The Council should retain the requirement at all times when selling products that claim to assist medical situations that there MUST be credible evidence of efficacy. Not to do so is in breach of the duty of Council to promote good practice and protect the public by being complicit in the public opting for remedies which are placebos and thereby not using genuinely efficacious products that have been proven by proper trials. The patient outcomes are likely worsened if a placebo is used in place of the best treatment.

Pharmacies seek to be taken seriously and want to expand on their offering in the evidence based market by adding things like Wharferin testing for example. They cannot have it both ways they are either just a peddler of anything the public wants or are serious health professionals. Your decisions in this matter will answer that question.

Edward Linney

Pharmacy Council Code of Ethics Consultation

Submission to the Pharmacy Council’s 2015 Code of Ethics Consultation

The Pharmacy Council’s Code of Ethics 2011 appears to be a well written document which puts the wellbeing of the patient front and centre. This can be seen throughout the code, and is embodied in the very first clause:

1.1 Take appropriate steps to optimise medicines-related health outcomes for the patient as a fundamental principle of pharmacy practice.

The existing clause 6.9 of the code gives a good level of protection to patients, in that it states that pharmacies should not supply products where there is a lack of evidence of efficacy.

6.9 Only purchase, supply or promote any medicine, complementary therapy, herbal remedy or other healthcare product where there is no reason to doubt its quality or safety and when there is credible evidence of efficacy.

In the Pharmacy Council’s Consultation Document, the proposed new wording of clause 6.9 of their Code of Ethics splits healthcare products sold in pharmacies into two broad categories:

  • medicine or herbal remedy
  • complementary therapy or other healthcare product

The reason for this split appears to be an effort to relax the code for the second class of products (complementary therapies and other healthcare products). Effectively, this would remove the code’s requirement for there to be “evidence of efficacy” before these products can be supplied by a pharmacist. Instead, the new code only requires that “sufficient information about the product can be provided”. As it stands, the existing code appears to be in place to protect patients – any weakening of the code is going to reduce this protection, and that can only be a bad thing.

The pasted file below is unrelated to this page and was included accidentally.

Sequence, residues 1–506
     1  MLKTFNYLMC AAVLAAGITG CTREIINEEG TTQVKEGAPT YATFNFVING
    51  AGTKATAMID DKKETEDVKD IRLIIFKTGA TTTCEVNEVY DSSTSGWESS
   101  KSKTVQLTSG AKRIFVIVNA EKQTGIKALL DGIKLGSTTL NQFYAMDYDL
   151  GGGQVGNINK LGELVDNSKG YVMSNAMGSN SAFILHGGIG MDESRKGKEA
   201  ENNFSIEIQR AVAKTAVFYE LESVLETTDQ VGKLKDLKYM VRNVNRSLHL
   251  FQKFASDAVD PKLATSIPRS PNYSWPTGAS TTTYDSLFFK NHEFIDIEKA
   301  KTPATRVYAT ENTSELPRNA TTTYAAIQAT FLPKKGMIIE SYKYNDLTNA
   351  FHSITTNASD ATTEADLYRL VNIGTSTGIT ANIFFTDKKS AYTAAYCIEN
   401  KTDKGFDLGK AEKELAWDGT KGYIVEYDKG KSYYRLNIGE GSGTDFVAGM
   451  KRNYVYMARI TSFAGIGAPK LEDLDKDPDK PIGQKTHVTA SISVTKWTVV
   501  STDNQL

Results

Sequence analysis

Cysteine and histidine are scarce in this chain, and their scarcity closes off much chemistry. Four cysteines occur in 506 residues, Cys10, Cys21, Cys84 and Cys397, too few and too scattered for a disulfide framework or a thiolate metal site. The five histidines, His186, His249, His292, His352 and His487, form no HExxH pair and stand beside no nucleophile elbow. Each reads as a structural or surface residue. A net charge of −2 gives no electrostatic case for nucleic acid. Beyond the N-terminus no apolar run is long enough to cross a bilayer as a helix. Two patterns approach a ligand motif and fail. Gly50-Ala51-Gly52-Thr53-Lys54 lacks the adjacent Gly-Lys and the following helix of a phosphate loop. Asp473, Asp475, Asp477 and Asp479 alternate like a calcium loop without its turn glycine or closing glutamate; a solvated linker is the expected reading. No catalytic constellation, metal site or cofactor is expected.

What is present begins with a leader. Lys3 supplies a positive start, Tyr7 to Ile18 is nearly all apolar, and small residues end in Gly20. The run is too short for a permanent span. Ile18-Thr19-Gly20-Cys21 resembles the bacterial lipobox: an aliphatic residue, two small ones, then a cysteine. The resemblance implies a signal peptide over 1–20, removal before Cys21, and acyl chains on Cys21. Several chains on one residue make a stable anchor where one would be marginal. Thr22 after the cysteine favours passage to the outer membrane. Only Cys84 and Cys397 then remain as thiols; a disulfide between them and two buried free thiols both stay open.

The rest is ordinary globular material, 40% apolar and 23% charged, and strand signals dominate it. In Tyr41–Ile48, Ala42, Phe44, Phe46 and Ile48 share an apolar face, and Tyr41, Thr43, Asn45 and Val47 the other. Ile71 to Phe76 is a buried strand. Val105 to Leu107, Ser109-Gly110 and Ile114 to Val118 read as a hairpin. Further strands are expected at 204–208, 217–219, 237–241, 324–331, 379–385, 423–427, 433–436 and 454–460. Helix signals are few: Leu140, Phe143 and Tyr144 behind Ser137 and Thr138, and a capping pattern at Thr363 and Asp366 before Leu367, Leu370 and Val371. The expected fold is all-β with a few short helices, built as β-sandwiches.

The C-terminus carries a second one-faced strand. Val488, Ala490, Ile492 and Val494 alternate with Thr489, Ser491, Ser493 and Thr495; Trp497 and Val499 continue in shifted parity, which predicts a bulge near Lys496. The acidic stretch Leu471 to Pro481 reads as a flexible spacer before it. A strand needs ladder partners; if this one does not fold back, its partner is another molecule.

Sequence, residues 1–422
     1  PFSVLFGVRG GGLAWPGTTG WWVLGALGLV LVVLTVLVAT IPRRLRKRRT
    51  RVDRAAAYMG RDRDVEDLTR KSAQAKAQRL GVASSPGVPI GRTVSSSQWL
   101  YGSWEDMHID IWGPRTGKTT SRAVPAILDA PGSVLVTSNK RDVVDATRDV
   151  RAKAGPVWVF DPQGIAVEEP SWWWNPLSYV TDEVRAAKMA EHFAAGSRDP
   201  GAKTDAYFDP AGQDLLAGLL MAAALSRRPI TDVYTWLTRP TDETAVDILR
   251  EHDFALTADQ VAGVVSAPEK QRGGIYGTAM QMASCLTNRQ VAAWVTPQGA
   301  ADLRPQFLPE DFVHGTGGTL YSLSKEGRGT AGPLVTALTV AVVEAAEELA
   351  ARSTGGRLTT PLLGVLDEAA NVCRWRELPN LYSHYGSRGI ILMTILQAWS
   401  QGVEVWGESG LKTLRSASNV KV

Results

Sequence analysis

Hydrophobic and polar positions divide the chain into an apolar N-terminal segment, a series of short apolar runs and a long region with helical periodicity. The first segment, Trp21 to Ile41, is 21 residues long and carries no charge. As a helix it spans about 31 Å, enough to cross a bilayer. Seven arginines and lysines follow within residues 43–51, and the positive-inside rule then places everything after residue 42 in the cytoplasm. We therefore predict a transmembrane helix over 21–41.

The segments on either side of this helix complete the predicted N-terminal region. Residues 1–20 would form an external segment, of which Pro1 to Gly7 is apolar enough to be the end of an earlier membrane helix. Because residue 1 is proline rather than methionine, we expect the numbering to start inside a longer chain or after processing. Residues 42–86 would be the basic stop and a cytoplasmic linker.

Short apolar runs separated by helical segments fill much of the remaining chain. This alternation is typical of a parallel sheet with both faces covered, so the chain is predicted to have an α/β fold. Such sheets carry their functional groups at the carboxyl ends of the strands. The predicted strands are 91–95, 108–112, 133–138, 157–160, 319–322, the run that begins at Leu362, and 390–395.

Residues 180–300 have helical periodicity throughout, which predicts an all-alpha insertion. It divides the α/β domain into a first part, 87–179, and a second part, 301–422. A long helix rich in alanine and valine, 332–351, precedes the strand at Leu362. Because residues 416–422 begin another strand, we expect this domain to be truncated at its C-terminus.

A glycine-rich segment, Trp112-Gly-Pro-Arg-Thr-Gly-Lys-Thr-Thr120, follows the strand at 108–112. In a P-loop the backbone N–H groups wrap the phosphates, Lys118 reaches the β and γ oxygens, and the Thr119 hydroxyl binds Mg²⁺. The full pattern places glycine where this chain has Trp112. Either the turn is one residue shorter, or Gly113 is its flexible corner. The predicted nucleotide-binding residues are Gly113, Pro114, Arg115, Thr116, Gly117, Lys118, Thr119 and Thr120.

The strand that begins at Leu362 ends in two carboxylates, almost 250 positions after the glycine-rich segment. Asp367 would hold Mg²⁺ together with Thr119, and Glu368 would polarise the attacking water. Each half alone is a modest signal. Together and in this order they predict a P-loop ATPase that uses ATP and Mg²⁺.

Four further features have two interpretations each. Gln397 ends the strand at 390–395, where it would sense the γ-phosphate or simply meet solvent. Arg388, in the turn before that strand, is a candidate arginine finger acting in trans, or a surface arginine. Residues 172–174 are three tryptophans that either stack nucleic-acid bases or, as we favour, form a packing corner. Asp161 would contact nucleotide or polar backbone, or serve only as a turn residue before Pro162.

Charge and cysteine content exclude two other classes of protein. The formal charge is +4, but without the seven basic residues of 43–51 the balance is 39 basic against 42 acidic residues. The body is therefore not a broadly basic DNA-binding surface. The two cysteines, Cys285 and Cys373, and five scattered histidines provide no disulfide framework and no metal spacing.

The Pharmacy Council’s vision is “Safe Effective Pharmacy Practice”. We believe this proposed change in the Code of Ethics would compromise the “Effective” part of this vision, by making it more likely for individual pharmacies to sell products that do not meet any reasonable standards of credible evidence, and could therefore be reasonably considered to be ineffective.

In the “Background” section of the consultation document, the Pharmacy Council says:

Over a number of years there has been much debate and discussion regarding the  promotion, supply and sale of complementary and/or alternative medicines by pharmacists. This debate has primarily focussed on the efficacy of these therapies.

Given that most pharmacies appear to sell at least some complementary/alternative health products, we presume that this debate and discussion has been around whether pharmacies should stop selling these unproven remedies. The document goes on to say that “Over the past 12-months the level of sector and public interest has notably increased”.  We are glad to hear that the Pharmacy Council is aware of the concerns people have about the sale of alternative health products, but are concerned that their proposed solution, although it is technically a “fix” for the problem, is a step in the wrong direction.

The Pharmacy Council is faced with the issue of pharmacies’ actions conflicting with their Code of Ethics, and changing the code appears to us to be the wrong choice out of the two obvious options the Council has to choose from to help resolve this conflict. Instead of relaxing their Code of Ethics, we think that the Pharmacy Council should instead consider either putting in place an effective program that is able to ensure pharmacies are abiding by their existing Code of Ethics, or delegate this important function to another organisation that is better suited to the task. We think that a code of ethics that carries no incentive for compliance is not a code that is likely to be adhered to. The following paragraphs show that the existing code has not been followed by what appears to be a significant number of pharmacies, and that there is a need for active management of compliance to the code.

We have a concern that the Pharmacy Council’s expectation that “Pharmacists should be able to advise patients about the general use, current state of evidence, associated effectiveness and any safety issues relating to complementary and/or alternative medicines” is unrealistic given the current state of the pharmacy industry, and as such we tasked people around New Zealand with visiting their local pharmacy to ask about homeopathy. We chose homeopathy because there is a strong scientific consensus that homeopathy has no efficacy beyond the placebo effect, and there is no plausible mechanism of action: